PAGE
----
Chardonnay is a grape that has stood the test of time. From the wood chipped Australian oak bombs of old, to the mineral, racy and subtle wines of Chablis. The reason the grape has stuck around for so long is its versatility and resilience.
Hailing originally from Burgundy, Chardonnay vines can now be found in the majority of wine producing countries.
The secret to Chardonnay’s success is its ability to survive a range of climates and adaptability to different winemaking techniques. Oak gives it the vanilla flavours, and that unmistakable creamy feel comes from ageing on the lees. Warm weather brings out flavours of melon, whilst a cooler climate results in a lime peel note.
This brings us to the rising star in the world of Chardonnay - England. Historically, English grapes have always had high acidity due to the cooler temperatures and so the majority of the wines made here are fizzy.
Why? In short, to make a wine sparkling you have to ferment it twice and this has proven the best way to get around our naturally high acid.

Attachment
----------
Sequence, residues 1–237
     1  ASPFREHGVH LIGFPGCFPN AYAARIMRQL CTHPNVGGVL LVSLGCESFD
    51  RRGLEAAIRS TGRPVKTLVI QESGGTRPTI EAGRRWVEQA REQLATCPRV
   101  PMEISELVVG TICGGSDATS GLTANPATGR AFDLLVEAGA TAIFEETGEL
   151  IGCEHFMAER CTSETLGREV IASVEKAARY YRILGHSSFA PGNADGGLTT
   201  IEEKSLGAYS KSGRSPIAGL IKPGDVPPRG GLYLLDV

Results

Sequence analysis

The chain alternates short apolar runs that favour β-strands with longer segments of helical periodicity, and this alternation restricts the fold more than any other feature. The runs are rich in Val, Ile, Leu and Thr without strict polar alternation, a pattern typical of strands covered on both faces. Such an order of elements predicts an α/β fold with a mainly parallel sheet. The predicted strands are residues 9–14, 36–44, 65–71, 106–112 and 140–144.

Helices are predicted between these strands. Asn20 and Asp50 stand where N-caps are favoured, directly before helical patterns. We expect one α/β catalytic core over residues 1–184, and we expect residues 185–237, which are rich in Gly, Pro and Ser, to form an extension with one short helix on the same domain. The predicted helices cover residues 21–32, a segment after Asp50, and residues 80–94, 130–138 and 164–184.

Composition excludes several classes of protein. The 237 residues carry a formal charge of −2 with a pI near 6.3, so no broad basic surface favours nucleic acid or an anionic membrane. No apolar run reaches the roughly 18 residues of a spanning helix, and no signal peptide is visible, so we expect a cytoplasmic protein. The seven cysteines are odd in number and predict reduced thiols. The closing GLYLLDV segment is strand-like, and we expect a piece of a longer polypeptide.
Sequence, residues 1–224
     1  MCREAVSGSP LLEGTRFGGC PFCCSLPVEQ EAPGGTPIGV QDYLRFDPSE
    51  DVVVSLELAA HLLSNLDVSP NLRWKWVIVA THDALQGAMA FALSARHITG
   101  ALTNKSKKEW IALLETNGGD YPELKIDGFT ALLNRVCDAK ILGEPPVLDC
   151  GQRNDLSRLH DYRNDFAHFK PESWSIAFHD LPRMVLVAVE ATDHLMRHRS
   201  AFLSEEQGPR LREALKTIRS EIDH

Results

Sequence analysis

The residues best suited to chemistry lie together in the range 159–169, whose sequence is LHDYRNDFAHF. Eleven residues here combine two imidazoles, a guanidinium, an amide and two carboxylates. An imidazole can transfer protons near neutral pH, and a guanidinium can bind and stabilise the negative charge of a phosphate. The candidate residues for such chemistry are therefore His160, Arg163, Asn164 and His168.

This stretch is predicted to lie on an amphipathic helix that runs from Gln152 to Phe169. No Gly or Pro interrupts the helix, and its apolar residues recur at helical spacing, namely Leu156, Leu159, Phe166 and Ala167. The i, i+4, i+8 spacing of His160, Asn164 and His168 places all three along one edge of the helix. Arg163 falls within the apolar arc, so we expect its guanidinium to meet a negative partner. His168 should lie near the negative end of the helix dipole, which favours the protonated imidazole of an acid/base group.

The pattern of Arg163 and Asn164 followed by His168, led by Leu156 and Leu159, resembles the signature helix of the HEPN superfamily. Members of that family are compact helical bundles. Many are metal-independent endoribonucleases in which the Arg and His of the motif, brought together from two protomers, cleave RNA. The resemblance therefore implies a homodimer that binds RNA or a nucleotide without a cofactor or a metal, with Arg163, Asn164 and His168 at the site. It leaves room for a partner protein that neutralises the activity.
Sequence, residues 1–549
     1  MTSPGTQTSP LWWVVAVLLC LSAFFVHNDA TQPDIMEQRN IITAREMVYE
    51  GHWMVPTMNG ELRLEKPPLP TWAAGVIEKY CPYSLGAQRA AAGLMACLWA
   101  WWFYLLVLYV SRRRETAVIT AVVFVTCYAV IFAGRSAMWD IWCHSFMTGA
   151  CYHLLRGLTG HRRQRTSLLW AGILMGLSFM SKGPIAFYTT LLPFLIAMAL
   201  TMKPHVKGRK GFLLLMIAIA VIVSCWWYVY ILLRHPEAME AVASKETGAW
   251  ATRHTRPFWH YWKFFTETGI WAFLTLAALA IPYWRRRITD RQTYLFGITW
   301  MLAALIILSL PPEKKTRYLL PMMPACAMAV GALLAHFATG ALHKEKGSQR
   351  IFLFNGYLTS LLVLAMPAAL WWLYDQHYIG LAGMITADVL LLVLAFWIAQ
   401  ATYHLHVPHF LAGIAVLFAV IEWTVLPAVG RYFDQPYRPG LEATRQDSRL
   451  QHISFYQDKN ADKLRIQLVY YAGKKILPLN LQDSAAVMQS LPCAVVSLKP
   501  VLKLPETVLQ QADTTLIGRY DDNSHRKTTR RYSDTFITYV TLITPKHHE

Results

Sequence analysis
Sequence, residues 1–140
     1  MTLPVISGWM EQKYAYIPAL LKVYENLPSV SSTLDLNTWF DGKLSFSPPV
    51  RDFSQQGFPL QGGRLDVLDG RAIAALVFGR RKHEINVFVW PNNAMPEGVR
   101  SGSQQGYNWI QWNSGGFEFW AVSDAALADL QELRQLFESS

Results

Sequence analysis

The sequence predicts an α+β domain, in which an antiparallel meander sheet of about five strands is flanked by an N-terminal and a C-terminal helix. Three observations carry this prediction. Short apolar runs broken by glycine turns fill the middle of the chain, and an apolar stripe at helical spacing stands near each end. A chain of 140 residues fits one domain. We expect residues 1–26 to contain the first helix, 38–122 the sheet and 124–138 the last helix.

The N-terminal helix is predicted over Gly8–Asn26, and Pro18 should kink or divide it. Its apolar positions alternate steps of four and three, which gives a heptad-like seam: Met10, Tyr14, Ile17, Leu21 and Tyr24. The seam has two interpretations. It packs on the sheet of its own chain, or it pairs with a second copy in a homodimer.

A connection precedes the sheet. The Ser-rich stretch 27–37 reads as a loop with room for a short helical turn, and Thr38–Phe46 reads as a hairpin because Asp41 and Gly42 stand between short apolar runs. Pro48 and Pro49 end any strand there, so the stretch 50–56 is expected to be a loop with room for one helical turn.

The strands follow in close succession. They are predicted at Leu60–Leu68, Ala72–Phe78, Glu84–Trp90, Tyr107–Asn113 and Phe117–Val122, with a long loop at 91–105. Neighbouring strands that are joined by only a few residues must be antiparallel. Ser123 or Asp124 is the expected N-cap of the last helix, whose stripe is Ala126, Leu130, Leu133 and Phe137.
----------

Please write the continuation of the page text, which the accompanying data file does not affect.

To start, acidic base wine is To start, acidic base wine is made just as any normal wine, but with a shorter fermentation, sugar and yeast are added again (liqueur de tirage) which re-ferments, produces CO2 and gives bubbles to the wine.
However, with the UK climate getting that little bit warmer, the Chardonnay grapes here are benefiting from longer ripening periods. This means more sugar in grapes and in turn, lower acidity, allowing English Chardonnays to earn their promotion from sparkling wine-only status to still wines too.
Higher temperatures mean bounteous vineyards and new opportunities for previously unsuccessful wines to become successful and finally flourish.
The vineyard site at Heppington is particularly suited for growing the sparkling wine varieties through a combination of its height above sea level, the gentle southern slope and its geological composition, the 'terroir', which is identical to the champagne region. Apples and, latterly, blackcurrants had previously been successfully grown on the land, which is sheltered from prevailing winds. Ironically, so productive has the land been that the main challenge is controlling the vigour to assist the ripening of the grapes. But, as the average temperatures of summers in the south of England rise it is not only sparkling wine which can be successfully grown.
The Chardonnay at Heppington includes Burgundy clones which can be used both for sparkling and still wines and from the 2020 harvest a still Chardonnay has been produced which compares favourably to Chablis.'
Check out our 2020 Chardonnay here, and sign up to our newsletter to be kept up to date with our launches, offers and behind the scenes stories from the vineyard.